Saturday, July 04, 2015

Meeting Naanii and Bumpa

Zoë and I arrived in Utah early on Sunday afternoon and everyone showed up to meet us. Uncle Patrick, Auntie Josie, and Naanii were waiting for me at baggage claim while Bumpa drove around and around in the pick-up line waiting to pick us up in his new van (he was tail-ended a little while ago and the Sunfire was totaled). It was a little weird to be picked up in a car I didn't recognize. My parents had had the Sunfire for just about fifteen years on the nose. They bought it when we first moved to Utah while David and I were at ballroom dance camp (and rooming in the dorms), so when they picked us up on the last night it was in a car I didn't recognize—the Pontiac Sunfire—and now the Sunfire has gone to the big racetrack in the sky and I was again picked up in a car I didn't recognize.

The craziest part about that story—for me—is that it means my family has lived in the United States for fifteen years! That's half my life (though I did take some time off to live in Russia, Jordan, and Egypt) and I still don't feel entirely Americanized ('cuz I'm not, I suppose).

Anyway, here is Zoë being held by Bumpa Bruce for the first time. I don't know who was more excited about it (wait—yes, I do—it was Bumpa (Zoë is difficult to excite)). We had to take a picture with Naanii in it, too, because all three of them dressed in pink!




Auntie Josie graciously shared her room with us, putting up with all those newborn noises that are so cute during the day but so annoying at night. One night, after Josie and I had been trying to go to sleep for a few hours and Zoë was grunting, groaning, wiggling, and moaning, I said, "Zoë! What is your deal? I need you to settle down and sleep!"

I thought that Josie had already managed to fall asleep (though how I couldn't fathom because Zoë was being so noisy!) but when I expressed my exasperation Josie giggled about it. Hopefully we didn't disrupt her sleep too much.

At any rate, Josie seemed to have a lot of fun snuggling Zoë whenever she could. She's really come to embrace her role as aunt in recent years. When nieces and nephews first started joining our family she wasn't all that into it—of course, she also wasn't born—but now that she's a couple decades older than her nieces and nephews she seems to be enjoying it a lot more. The poor girl spent her life being lumped in with the next generation, but with my kids she's finally old enough to seem like an aunt to them. Of course, my kids kind of lump their cousins into the aunt and uncle category as well...



Oh! I forgot to write a story about Rosie (speaking of cousins that my children consider too old to be cousins). Rosie is one of Miriam's absolute favourite names. Rosie, RoseMarie, Rosemary, or any variation thereof—she just loves the name. Anytime she brings it up I remind her that she has a cousin whose name is Rosie.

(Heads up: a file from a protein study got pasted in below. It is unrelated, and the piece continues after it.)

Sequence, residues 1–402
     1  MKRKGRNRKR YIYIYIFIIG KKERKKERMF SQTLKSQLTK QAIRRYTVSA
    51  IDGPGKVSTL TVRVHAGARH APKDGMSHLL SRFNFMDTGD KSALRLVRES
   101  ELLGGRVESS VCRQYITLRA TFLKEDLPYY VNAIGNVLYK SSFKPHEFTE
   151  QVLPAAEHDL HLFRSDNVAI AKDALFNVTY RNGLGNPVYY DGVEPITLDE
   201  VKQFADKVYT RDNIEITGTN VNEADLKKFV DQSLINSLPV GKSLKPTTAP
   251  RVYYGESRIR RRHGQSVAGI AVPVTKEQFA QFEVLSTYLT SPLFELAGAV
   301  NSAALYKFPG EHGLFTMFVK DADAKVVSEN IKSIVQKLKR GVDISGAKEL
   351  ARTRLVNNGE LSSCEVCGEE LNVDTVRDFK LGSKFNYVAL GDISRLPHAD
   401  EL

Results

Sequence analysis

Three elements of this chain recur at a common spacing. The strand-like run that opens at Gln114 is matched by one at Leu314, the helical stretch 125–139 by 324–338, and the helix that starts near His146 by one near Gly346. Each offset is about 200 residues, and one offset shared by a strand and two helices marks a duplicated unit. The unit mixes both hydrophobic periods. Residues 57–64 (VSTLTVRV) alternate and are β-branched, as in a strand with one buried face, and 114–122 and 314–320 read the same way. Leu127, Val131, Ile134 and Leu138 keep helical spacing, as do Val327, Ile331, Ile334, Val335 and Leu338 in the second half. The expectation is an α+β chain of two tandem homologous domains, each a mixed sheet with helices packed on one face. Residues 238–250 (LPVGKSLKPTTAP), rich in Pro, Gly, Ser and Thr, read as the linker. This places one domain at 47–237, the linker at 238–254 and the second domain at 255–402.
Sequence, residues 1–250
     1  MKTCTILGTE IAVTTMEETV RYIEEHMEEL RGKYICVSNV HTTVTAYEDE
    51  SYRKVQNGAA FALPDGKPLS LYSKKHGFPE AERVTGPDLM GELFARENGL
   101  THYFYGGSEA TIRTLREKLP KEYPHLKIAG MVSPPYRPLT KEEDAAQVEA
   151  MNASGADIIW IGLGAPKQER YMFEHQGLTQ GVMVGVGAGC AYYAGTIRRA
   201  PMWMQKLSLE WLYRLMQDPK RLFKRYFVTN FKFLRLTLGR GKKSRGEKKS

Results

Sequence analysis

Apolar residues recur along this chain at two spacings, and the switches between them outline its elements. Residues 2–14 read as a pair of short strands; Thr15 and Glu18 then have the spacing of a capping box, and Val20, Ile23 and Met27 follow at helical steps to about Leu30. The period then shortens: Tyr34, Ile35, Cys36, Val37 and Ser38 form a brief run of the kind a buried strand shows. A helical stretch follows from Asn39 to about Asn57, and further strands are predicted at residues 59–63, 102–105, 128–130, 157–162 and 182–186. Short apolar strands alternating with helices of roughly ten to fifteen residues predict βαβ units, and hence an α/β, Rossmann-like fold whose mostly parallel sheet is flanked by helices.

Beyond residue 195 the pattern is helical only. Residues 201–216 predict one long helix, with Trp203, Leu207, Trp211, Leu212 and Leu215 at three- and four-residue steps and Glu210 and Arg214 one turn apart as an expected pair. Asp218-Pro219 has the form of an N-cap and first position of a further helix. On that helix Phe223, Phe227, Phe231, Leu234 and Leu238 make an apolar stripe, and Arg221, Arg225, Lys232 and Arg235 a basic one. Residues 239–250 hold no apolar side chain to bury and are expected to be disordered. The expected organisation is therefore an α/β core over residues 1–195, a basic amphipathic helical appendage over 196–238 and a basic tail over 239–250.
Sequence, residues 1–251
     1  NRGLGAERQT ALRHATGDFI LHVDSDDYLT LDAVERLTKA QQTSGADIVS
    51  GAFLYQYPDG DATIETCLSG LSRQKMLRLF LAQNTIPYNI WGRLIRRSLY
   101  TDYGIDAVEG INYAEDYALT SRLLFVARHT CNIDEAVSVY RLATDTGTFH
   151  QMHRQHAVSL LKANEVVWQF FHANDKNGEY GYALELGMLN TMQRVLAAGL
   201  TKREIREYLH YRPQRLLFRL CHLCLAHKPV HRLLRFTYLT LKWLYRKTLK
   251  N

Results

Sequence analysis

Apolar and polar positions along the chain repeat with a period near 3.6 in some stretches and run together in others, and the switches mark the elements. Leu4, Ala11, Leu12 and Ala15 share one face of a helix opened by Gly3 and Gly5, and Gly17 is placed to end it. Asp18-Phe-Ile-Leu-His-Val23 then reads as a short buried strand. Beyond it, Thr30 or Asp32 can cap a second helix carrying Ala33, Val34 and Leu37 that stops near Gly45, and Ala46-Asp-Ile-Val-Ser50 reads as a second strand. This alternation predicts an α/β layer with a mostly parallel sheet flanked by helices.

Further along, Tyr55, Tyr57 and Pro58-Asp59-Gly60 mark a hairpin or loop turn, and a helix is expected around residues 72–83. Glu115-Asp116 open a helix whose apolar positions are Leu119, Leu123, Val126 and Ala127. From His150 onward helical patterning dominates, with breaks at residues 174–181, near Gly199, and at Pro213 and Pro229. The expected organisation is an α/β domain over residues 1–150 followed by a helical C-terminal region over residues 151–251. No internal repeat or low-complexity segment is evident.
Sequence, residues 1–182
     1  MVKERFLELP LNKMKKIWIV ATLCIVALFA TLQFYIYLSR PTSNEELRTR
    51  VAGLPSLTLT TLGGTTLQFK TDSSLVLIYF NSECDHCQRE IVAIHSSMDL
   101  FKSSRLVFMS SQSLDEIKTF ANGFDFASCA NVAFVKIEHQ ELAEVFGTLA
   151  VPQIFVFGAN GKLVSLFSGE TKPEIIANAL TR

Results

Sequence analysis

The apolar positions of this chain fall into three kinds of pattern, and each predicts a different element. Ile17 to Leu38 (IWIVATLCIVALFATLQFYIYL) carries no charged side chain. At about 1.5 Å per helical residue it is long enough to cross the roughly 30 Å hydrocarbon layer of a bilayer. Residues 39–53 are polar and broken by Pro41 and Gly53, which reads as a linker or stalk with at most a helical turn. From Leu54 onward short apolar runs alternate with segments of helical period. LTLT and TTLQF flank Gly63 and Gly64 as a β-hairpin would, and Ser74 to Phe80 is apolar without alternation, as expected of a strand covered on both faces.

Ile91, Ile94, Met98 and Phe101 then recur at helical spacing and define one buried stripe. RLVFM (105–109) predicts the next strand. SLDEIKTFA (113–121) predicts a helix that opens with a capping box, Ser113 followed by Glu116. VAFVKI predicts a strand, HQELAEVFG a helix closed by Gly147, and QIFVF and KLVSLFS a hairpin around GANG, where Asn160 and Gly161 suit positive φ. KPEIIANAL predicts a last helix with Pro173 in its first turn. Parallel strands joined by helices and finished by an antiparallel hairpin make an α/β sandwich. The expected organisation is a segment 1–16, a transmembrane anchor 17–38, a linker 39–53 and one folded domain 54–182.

A couple of weeks ago she brought up the name again and I said, "You have a cousin named Rosie, remember?"

"No, not really," she said. 

"You met her at Christmas. She came to Naanii's house a few times to play games. She's all grown up and has long blonde hair..."

"Oh, yeah!" Miriam said. "The girl with the lice!"

I told Rosie that we'll have to replace that particular memory with a more positive association this trip.

Let's see—the last tidbit from Sunday, I guess, is that Uncle Patrick made some delicious barbecue chicken and cabbage rolls (a Chinese dish, I believe) for dinner that he steamed on his new bamboo steamer. They were quite delicious. He really enjoys cooking and eating, not that he looks it. 

The other day he brought home a package of key lime Oreos that he wanted to try, but he doesn't really like Oreos so I think my mom and I ended up eating most of them (because they had a graham cracker cookie instead of a chocolate cookie, otherwise we wouldn't have).

"I don't really like Oreos," Patrick said. "These ones are okay, but I still just...don't like Oreos. Regular Oreos are the worst. I can't eat them without feeling sick."

"I know why," I said.

"Why?" he asked.

"Don't you remember?!" I asked. "You throw them up! I remember more than once having to help clean up Oreo throw up—and it's so disgusting! It's a blackish-purplish colour and..."

"That's right!" my mom said. "We had that stain in the carpet for years! We never did manage to get it out all the way!"

I would say that it's still in the carpet but I know the people who bought our old house (fifteen years ago this year) tore out the carpet and put down wood flooring (so that means our carpet is somewhere in the dump...probably with regurgitated Oreo stains still on it). And I swear that Oreo throw up happened multiple times to poor Uncle Patrick (either that or I have recurring nightmares about it) so it's no wonder he still doesn't like Oreos today.

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